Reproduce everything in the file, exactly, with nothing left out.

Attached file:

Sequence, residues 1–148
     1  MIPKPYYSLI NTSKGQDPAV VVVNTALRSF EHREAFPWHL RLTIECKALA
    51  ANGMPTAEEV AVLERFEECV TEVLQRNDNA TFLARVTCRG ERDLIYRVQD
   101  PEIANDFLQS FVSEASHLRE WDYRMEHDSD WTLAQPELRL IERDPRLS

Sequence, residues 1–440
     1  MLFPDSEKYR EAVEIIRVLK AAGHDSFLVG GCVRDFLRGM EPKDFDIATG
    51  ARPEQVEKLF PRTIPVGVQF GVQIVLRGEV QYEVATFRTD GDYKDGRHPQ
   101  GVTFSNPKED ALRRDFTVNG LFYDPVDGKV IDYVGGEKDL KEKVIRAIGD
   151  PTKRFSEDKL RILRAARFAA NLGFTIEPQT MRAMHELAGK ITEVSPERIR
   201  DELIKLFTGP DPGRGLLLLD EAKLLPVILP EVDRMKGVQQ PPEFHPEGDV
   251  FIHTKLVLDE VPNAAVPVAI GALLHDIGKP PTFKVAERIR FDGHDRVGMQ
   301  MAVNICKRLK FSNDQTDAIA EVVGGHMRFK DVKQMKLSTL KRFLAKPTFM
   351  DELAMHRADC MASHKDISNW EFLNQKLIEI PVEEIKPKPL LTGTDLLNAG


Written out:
Sequence, residues 1–148
     1  MIPKPYYSLI NTSKGQDPAV VVVNTALRSF EHREAFPWHL RLTIECKALA
    51  ANGMPTAEEV AVLERFEECV TEVLQRNDNA TFLARVTCRG ERDLIYRVQD
   101  PEIANDFLQS FVSEASHLRE WDYRMEHDSD WTLAQPELRL IERDPRLS

Sequence, residues 1–440
     1  MLFPDSEKYR EAVEIIRVLK AAGHDSFLVG GCVRDFLRGM EPKDFDIATG
    51  ARPEQVEKLF PRTIPVGVQF GVQIVLRGEV QYEVATFRTD GDYKDGRHPQ
   101  GVTFSNPKED ALRRDFTVNG LFYDPVDGKV IDYVGGEKDL KEKVIRAIGD
   151  PTKRFSEDKL RILRAARFAA NLGFTIEPQT MRAMHELAGK ITEVSPERIR
   201  DELIKLFTGP DPGRGLLLLD EAKLLPVILP EVDRMKGVQQ PPEFHPEGDV
   251  FIHTKLVLDE VPNAAVPVAI GALLHDIGKP PTFKVAERIR FDGHDRVGMQ
   301  MAVNICKRLK FSNDQTDAIA EVVGGHMRFK DVKQMKLSTL KRFLAKPTFM
   351  DELAMHRADC MASHKDISNW EFLNQKLIEI PVEEIKPKPL LTGTDLLNAG